Three countries in six days. It sounds good, when I say it like that.
Course, if you look at a map, you’ll see my recent canoeing trip—from Vienna in Austria, to Bratislava in Slovakia, and on to Halaszi in Hungary—covers less than 200km. But I’m going to talk it up, because there was something about it that’s pretty rare these days.
My itinerary wasn’t part of a drop-down menu on a website. There was no waiver, small print, or obligatory travel insurance. I made it myself, with an essential steer from a Hungarian named Zsolt Gardonyi. Zsolt runs his own adventure canoeing company. He has backed similar trips, but not this particular one.
“You’ll probably die,” Roman Rybiansky, a Slovakian work colleague, told me gloomily a few weeks before I set out. “There are strong currents in the Danube. And whirlpools. And the Raketa.” The Raketa is a Soviet era hydrofoil. Roman admitted he’s not much of a swimmer, but I couldn’t help feeling worried.
My companion on the trip, the theoretical physicist Thomas Fink, errs on the side of incaution. He laughs—or smiles at least—in the face of danger. On the other hand, when calculating risk, it’s probably worth listening to the Director of the London Institute for Mathematical Sciences.
This is the thing, though. For such a trip, you want to know something, but not everything. You don’t want too much kit.
Remember those choose-your-own-adventure books, which became a thing in the 1980s? After deciding to be a Dwarf or a Warrior, you’re on a quest to kill the Lizard King, say. The point is, the story doesn’t proceed in a linear fashion. You have to choose. “Do you drink the foaming potion (turn to page 43). Or do you fling it in the face of the barmaid (turn to page 150)?”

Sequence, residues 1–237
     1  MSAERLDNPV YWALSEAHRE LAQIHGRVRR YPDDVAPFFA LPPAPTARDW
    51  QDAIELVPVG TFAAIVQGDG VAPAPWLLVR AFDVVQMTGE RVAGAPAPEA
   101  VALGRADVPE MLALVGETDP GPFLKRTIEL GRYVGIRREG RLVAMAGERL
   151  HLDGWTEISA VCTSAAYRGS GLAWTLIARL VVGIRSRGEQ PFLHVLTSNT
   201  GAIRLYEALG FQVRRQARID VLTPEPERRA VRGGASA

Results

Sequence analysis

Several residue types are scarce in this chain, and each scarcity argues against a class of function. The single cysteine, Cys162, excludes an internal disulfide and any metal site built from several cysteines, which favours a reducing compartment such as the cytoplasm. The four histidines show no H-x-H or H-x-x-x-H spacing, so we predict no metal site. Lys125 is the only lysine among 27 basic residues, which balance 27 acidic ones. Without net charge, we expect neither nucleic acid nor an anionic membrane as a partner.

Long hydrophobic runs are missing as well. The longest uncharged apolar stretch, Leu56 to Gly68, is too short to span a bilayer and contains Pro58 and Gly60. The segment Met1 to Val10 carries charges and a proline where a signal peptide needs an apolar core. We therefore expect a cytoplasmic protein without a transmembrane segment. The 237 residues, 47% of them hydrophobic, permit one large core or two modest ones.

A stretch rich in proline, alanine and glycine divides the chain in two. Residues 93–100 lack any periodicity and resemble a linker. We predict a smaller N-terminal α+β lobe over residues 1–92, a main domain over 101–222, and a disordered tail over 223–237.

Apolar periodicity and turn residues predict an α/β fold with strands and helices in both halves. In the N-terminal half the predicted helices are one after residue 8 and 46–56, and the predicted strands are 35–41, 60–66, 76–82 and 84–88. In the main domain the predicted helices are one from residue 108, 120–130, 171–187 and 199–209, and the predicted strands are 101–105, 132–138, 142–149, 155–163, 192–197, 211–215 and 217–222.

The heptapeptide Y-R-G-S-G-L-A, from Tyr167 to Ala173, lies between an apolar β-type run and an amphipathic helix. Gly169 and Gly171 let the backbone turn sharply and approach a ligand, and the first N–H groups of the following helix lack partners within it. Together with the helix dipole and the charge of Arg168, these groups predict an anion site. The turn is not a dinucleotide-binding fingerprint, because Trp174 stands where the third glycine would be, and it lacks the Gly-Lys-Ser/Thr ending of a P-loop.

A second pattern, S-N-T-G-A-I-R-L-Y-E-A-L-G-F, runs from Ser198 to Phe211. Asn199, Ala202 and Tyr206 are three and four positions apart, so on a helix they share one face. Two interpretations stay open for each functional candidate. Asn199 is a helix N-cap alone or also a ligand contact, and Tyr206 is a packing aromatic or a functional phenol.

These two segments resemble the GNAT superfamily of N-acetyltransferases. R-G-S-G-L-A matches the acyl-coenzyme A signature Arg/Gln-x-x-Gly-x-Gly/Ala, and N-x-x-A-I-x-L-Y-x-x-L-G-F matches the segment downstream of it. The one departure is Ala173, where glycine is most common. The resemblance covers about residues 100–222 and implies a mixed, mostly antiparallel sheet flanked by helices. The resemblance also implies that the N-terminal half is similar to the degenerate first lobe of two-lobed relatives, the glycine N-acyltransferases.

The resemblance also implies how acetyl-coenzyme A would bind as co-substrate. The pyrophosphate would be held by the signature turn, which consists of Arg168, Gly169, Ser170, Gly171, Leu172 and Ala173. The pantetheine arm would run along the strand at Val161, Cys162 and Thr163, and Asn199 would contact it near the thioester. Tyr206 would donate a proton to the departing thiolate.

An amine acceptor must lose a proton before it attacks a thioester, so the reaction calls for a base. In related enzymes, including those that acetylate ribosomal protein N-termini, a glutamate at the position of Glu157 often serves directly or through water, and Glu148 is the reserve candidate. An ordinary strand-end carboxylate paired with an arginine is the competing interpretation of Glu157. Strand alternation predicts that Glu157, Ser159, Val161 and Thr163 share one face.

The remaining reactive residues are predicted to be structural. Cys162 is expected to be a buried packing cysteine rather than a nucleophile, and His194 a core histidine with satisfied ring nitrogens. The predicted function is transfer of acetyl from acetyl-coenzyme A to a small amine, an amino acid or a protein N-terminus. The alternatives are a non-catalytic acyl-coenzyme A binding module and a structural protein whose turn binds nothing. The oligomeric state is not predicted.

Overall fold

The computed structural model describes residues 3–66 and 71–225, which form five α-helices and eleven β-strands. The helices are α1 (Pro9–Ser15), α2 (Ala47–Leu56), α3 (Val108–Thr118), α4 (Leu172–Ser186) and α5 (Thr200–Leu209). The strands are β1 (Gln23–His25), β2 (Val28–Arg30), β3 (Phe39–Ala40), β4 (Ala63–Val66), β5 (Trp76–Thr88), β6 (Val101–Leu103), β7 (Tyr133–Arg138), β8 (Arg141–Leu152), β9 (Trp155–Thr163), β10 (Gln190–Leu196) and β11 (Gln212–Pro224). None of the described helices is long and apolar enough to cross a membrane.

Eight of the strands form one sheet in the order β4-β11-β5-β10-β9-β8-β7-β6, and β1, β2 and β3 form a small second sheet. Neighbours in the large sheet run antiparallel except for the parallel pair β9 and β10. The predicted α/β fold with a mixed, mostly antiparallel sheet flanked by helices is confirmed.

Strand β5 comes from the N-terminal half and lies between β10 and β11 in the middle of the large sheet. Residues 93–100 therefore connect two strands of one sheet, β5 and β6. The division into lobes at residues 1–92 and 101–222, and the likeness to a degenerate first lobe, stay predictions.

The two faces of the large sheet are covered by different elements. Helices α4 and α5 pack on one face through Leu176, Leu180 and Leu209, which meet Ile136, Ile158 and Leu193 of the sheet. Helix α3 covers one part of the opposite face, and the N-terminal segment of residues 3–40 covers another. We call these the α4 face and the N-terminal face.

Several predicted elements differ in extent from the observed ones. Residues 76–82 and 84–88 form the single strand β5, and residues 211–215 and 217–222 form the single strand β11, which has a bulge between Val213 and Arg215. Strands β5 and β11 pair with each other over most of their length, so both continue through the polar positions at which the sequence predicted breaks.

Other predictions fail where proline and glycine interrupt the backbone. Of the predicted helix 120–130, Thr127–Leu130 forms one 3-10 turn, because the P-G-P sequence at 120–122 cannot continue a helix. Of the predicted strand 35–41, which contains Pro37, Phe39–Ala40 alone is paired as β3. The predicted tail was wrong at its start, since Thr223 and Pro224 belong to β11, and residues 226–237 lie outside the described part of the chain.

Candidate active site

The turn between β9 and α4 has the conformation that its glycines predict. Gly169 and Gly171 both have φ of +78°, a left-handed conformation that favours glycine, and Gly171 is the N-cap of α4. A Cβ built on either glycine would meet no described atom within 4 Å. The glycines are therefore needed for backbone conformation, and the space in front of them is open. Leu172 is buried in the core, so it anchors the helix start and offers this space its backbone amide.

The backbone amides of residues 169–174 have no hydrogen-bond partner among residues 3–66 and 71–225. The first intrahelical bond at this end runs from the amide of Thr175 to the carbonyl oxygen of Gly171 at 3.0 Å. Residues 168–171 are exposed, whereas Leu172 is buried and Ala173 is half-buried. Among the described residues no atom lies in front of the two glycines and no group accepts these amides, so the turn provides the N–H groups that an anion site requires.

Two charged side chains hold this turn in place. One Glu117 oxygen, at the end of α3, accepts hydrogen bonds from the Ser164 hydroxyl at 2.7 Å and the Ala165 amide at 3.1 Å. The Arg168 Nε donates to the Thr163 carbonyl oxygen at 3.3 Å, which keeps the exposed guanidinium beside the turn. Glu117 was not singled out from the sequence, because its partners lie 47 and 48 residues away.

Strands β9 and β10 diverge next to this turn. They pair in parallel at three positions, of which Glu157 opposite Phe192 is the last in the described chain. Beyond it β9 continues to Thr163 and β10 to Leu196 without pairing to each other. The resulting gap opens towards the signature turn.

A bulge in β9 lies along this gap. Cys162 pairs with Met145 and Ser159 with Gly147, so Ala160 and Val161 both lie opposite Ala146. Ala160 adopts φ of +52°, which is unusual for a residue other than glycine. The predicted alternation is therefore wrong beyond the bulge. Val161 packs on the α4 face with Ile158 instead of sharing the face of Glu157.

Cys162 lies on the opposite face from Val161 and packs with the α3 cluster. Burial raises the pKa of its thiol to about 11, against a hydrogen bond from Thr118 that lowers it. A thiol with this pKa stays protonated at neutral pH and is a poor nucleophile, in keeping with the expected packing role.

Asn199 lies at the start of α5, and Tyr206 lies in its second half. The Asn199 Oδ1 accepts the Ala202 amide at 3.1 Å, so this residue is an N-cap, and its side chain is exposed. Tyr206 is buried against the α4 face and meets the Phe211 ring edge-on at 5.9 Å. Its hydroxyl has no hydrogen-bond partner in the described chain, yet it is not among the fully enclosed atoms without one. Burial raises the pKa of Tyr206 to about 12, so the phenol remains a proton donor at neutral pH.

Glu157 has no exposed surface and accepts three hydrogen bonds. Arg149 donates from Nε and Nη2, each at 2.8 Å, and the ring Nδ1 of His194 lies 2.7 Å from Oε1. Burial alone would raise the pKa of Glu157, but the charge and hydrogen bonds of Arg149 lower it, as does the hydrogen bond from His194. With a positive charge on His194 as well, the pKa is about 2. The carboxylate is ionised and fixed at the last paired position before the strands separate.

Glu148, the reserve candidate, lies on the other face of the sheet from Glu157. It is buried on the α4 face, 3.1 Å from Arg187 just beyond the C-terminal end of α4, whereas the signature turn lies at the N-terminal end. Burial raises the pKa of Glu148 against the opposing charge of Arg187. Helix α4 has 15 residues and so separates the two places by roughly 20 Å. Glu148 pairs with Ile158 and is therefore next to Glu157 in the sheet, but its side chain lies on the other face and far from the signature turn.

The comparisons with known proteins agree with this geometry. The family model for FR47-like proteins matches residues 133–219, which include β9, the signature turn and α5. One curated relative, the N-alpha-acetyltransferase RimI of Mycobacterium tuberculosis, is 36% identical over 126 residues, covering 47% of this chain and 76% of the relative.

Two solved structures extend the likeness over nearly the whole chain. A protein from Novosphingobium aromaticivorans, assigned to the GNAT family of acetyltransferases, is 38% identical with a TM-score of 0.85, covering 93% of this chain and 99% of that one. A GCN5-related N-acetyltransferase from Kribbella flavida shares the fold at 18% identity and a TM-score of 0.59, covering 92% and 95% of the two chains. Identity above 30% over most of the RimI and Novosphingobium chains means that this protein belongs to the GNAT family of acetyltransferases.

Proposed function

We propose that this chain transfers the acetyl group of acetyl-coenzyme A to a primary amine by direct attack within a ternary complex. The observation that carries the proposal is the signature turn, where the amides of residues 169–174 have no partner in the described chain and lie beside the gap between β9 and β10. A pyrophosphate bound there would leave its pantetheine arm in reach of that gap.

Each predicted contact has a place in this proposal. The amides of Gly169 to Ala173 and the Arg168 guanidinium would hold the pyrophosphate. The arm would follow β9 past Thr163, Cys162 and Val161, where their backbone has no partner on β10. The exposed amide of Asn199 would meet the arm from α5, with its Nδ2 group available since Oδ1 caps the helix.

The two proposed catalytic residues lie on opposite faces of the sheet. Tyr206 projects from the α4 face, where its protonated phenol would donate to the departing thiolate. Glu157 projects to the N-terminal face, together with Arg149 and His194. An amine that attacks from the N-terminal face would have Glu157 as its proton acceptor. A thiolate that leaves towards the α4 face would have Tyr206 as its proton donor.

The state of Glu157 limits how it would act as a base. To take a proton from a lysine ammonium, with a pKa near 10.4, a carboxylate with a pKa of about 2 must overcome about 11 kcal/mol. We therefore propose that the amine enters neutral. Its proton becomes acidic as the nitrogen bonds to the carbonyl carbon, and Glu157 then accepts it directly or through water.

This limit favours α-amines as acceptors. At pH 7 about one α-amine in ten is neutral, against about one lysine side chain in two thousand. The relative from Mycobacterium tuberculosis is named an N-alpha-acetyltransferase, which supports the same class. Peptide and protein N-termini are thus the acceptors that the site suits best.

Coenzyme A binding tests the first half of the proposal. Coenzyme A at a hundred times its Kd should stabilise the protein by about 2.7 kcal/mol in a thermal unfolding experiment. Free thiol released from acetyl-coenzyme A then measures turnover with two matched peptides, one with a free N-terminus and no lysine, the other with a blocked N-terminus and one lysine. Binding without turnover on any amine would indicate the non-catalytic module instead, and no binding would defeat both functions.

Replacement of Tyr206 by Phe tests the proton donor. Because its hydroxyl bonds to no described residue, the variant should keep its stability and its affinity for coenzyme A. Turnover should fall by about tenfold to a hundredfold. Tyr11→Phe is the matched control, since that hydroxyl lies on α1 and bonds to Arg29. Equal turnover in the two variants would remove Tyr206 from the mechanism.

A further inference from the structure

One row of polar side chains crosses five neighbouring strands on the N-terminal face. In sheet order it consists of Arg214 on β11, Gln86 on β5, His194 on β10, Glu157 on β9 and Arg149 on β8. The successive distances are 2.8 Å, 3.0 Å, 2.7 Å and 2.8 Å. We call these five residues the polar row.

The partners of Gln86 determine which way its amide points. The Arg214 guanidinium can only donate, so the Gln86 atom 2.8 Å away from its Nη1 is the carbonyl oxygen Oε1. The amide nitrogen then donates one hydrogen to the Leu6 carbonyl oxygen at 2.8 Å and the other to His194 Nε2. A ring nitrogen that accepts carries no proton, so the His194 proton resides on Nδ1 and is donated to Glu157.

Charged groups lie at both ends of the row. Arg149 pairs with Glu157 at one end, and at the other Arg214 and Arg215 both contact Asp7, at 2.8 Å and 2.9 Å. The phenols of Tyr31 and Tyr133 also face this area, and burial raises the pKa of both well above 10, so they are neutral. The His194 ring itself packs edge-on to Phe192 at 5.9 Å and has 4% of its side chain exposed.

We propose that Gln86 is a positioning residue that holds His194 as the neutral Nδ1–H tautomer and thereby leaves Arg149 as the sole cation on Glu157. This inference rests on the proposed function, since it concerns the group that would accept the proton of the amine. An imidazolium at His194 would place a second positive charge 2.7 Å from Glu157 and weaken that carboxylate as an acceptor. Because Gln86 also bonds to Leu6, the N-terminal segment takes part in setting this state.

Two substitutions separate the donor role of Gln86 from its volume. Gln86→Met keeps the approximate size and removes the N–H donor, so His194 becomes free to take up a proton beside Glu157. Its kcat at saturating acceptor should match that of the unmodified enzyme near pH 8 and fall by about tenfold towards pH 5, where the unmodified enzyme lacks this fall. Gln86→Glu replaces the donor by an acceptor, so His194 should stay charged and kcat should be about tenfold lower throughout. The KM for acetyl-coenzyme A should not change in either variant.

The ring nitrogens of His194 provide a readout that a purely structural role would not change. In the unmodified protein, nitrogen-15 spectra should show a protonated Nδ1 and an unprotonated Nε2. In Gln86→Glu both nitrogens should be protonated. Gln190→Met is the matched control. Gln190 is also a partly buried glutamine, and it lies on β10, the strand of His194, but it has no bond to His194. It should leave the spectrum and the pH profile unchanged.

Our Danube trip is like that. We know something about what’s in store, but not too much. We have to keep making choices, which we know will affect our future.
On arriving in Vienna from the airport, for instance, we realise that we don’t have a grille for cooking. “We’re going to need some wire,” says Fink, who is insistent on lighting fires. I point out some roadworks on the roundabout in front of Vienna’s big ferris wheel, and Dr Fink sets to work, ripping away a few strands from the fence.
It is late afternoon when we reach the graffitied banks of the Donaukanal. Nearby, the IBM Building—formerly the Diana Baths, where Strauss’s Blue Danube was first performed—marks our point of entry. Our contact, David, is taken aback by our appearance, since, for reasons that will become clear, we are both wearing suits. While we change into shorts, we are leered at by a passing drunk on the towpath.
We climb into our sturdy canoe, stash our suits in waterproof barrels, and start paddling. The bemused figure of David grows smaller behind us. A light rain falls.
After an hour, we join the Danube proper and celebrate with a couple of beers. The rain stops and the sun breaks through under a blanket of cloud behind us. There is almost no traffic on the river. As long as we keep our wits about us, we’re unlikely to be hit by a passing Raketa. My fears were unfounded.